Fix the Court is taking a look at how the Supreme Court fared transparency-wise over the last 10 months, with the greatest strides being made via its new website that will support electronic filing; digital financial disclosures; justices’ stock selloffs; and courtroom livestreaming capabilities.
In addition, federal appeals courts not named “SCOTUS” became more open and accountable thanks to a rash of new broadcast and wellness initiatives.
“Though we’re pleased with several improvements that occurred this past term, the Supreme Court still has miles to go to comport with best practices in government transparency,” FTC executive director Gabe Roth said. “Fix the Court will continue to press for greater judicial openness and accountability as the only nonpartisan group in the country dedicated to these efforts.”
Here are the transparency highlights of OT16:
- The most important thing to happen to the Supreme Court in the last 10 months was the confirmation of Neil Gorsuch. In December, we had asked the U.S. Department of Justice to make public all non-classified Gorsuch-related material, and when we still hadn’t received them two months later, we sued. In March, prodded by our action, DOJ posted the bulk of them – 175,000 pages worth – online. Our suit remains pending, as DOJ has yet to give us or the public a good reason as to why 8,000 pages from his time in the agency remain secret.
- During the hearings themselves, Gorsuch was asked multiple times about his views on broadcast access to the courtroom and stronger ethics rules for the justices, and though his answers left much to be desired, we were pleased that our efforts to get these issues discussed were successful.
- On the circuit court level, we knew going into the term that only one (the Ninth) released live audio of its oral arguments. This spring we confirmed that another four are considering audio upgrades (the First, Fifth, Sixth and Seventh). A fifth (the Fourth) agreed to run live audio in a travel ban case in May. Additionally, the Third Circuit started recording video for the first time in January, and the Eleventh Circuit started releasing same-day argument audio in April.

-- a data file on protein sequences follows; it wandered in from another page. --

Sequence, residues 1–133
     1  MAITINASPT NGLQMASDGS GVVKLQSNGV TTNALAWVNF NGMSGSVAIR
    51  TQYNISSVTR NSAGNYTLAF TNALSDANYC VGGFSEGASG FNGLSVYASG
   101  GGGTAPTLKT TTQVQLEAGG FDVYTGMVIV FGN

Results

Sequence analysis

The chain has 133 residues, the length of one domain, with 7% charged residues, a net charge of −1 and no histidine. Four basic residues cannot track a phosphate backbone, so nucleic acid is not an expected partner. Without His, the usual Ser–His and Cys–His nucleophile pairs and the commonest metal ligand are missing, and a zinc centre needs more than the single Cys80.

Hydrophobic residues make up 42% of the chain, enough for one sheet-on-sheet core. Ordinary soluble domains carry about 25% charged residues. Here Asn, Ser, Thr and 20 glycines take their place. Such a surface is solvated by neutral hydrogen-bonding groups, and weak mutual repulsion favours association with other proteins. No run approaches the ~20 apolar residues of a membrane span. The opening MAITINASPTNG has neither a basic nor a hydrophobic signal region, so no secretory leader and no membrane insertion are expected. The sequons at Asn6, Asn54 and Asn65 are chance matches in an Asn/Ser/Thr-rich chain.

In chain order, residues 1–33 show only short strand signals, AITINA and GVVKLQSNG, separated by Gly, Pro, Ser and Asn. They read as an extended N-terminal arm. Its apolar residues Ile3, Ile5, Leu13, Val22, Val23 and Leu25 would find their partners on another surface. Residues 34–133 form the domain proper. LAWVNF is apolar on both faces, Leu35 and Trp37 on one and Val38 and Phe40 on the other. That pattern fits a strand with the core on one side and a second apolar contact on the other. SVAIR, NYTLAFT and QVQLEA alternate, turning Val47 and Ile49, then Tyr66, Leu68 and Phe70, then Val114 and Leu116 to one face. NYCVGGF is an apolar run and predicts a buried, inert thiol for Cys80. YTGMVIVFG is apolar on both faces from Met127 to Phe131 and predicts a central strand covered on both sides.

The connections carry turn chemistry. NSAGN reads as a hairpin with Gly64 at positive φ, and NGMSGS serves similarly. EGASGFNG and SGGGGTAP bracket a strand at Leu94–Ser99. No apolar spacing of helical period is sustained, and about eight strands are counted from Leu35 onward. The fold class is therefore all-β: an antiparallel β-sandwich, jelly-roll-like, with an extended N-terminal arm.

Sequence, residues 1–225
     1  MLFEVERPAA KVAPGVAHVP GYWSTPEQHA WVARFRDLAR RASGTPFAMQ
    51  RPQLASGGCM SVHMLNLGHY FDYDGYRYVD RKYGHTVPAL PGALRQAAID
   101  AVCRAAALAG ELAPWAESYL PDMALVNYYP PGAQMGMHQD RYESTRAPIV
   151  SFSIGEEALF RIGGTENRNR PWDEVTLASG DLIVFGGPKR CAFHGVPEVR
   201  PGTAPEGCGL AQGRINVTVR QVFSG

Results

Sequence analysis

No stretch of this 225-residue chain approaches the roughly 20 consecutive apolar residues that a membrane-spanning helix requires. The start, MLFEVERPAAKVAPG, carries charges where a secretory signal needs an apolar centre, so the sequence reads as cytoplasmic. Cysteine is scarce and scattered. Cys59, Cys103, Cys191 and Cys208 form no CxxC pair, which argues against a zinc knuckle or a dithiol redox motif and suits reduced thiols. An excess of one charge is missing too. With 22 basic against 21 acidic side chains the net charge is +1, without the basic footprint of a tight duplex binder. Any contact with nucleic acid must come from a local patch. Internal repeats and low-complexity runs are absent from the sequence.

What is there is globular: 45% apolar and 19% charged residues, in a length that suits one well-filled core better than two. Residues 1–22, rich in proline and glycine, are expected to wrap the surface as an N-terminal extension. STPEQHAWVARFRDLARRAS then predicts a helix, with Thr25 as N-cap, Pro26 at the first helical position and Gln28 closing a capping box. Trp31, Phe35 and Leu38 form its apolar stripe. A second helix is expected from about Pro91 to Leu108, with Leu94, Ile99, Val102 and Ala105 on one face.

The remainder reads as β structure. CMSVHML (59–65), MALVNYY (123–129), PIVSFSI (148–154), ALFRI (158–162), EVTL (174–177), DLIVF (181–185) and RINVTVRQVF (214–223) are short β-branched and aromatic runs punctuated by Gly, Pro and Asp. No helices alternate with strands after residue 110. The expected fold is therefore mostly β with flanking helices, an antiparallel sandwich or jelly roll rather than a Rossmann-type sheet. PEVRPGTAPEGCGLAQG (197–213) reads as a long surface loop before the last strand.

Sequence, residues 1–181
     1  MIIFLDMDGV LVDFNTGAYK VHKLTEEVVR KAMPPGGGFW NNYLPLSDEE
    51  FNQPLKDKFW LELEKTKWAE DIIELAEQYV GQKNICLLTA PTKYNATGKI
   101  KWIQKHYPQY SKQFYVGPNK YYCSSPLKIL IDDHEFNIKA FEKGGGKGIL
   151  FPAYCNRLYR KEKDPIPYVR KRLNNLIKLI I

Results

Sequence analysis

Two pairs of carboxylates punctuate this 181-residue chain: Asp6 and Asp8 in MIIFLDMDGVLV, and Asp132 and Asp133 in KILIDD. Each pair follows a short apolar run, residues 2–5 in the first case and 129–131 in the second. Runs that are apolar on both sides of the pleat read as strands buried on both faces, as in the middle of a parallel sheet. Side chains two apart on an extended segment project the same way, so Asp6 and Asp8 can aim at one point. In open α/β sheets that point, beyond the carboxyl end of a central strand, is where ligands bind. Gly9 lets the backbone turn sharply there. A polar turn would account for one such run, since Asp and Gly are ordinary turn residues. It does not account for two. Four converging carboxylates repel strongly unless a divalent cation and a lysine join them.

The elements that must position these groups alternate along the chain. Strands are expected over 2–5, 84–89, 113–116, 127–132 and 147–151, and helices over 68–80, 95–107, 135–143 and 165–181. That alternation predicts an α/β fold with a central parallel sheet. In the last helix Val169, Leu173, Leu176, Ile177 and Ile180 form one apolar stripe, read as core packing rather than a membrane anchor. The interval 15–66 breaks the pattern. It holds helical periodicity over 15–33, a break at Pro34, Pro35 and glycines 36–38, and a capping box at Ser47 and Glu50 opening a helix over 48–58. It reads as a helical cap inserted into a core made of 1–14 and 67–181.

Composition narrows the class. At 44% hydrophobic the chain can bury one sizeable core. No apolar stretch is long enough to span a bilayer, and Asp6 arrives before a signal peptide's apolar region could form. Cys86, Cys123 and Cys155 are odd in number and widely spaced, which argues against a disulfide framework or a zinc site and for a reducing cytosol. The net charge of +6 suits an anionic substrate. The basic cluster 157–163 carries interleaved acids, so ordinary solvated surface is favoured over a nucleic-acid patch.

- Thanks in part to our efforts, the audio-only Feb. 7 travel ban hearing in the Ninth Circuit was carried by CNN and countless online news outlets live and in its entirety. Listenership was greater than 1.5 million people.
- In a first, the justices on Nov. 4 allowed live audio from the courtroom, though not for an argument but for a bar meeting honoring Justice Scalia. The website, livestream.supremecourt.gov, is still up, and we hope it’s used as soon as next term for live dissemination of oral arguments and opinion announcements.
- We also knew that at least one circuit court (the Ninth) hosted a Judicial Wellness Committee aimed at promoting cognitive health in aging judges; this term we received confirmation that another five have similar committees or initiatives (the Third, Fifth, Seventh, Tenth and D.C.) and that another two were considering creating one (the First and Sixth).
- On Feb. 14, the House Judiciary Subcommittee on Courts, IP and the Internet held a hearing on judicial transparency and ethics at which a bipartisan group of members criticized the third branch for its lack of openness. Members from both parties suggested commonsense reforms that would counteract the declining faith in the courts system and previewed the introduction of broadcast bills that would cover all three levels of the federal courts system.
- For the first time, the federal judiciary released the justices’ annual financial disclosure reports via thumb drives and at no cost. Previous years’ reports had been distributed by paper at a cost of $0.20 per page.
- Chief Justice John Roberts and Justices Stephen Breyer and Samuel Alito sold up to $1.045 million in stocks in 2016 and reduced the number of individual securities they own to 53, compared to 60 at the end of 2015 and 76 at the end of the 2014.
- In addition to this transparency report, we released reports this term on the broadcast and retirement policies of foreign courts of last resort and of state supreme courts, on which top federal positions in all three branches are term-limited and why the justices recused themselves 204 times in OT16.